Over four decades, “Old Turkey Feathers” has downed a lot of game. But not all of those traditional black powder hunting experiences make it to print. And in the last ten years or so, I have become selective in what I take or shoot at. That’s due in part to past experience and in part to a change in outlook—the seasoning of a sportsman, so to speak.

The hired hunter approaches a downed wild turkey in a grove of red cedar trees

In truth, I get greater joy in helping others get started enjoying the outdoors, and especially traditional hunting, than stacking up my own game. For me, recounting the 18th-century sojourns is all about delivering an uplifting woodland message, than emphasizing the death bee’s solemn verdict.

The gobbler stopped and looked about, scanning uphill and down. Underbrush blocked the bird’s body, but an opening lurked three, maybe four turkey-paces distant. A slight hesitation fostered concern, then the gobbler took those four fateful steps.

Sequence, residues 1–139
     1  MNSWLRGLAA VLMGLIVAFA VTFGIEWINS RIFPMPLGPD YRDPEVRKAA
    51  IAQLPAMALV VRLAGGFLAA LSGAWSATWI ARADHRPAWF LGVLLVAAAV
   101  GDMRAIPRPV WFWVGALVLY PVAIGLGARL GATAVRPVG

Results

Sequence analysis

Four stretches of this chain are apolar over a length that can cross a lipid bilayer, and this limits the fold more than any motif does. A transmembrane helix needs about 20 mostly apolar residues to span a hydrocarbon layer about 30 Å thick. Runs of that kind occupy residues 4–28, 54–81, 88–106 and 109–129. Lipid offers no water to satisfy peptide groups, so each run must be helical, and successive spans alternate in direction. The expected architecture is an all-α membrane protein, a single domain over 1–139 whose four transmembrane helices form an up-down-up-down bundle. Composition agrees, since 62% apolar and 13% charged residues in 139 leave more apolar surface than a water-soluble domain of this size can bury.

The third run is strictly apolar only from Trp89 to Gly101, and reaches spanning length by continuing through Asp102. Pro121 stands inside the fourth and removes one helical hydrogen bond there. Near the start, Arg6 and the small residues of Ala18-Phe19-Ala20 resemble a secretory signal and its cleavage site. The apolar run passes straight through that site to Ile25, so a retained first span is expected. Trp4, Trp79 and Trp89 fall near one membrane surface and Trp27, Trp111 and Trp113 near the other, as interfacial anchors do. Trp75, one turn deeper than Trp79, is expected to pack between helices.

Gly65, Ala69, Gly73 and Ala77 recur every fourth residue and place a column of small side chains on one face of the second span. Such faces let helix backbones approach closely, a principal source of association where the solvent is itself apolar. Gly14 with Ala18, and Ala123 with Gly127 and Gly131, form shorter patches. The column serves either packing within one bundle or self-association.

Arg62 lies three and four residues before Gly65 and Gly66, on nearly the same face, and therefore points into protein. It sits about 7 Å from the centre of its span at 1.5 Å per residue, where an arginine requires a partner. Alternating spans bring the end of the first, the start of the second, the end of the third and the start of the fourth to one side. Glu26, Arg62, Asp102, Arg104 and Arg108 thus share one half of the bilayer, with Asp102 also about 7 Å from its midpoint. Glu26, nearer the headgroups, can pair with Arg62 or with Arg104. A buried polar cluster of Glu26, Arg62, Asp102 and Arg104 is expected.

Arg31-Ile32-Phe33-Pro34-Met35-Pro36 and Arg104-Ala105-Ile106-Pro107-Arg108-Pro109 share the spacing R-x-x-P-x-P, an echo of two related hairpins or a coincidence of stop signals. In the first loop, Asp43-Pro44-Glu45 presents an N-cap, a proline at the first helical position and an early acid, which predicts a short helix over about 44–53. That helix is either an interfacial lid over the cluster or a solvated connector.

“Kla-whoosh-BOOM!” The Northwest gun’s muzzle belched orange flames and roiling white smoke.

And in a fleeting heartbeat, the death bees delivered their woodland message. The tom rolled and flapped to the bottom of the hill. The hired post hunter pursued. Huffing and puffing, the backcountry woodsman anchored the bird with a wet elk moccasin while he offered a prayer of thanksgiving…

Give traditional black powder hunting a try, be safe and may God bless you.

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5 Responses to Delivering a Woodland Message

  1. Rancocas says:

    “… in the last ten years or so, I have become selective in what I take or shoot at. That’s due in part to past experience and in part to a change in outlook—the seasoning of a sportsman, so to speak.”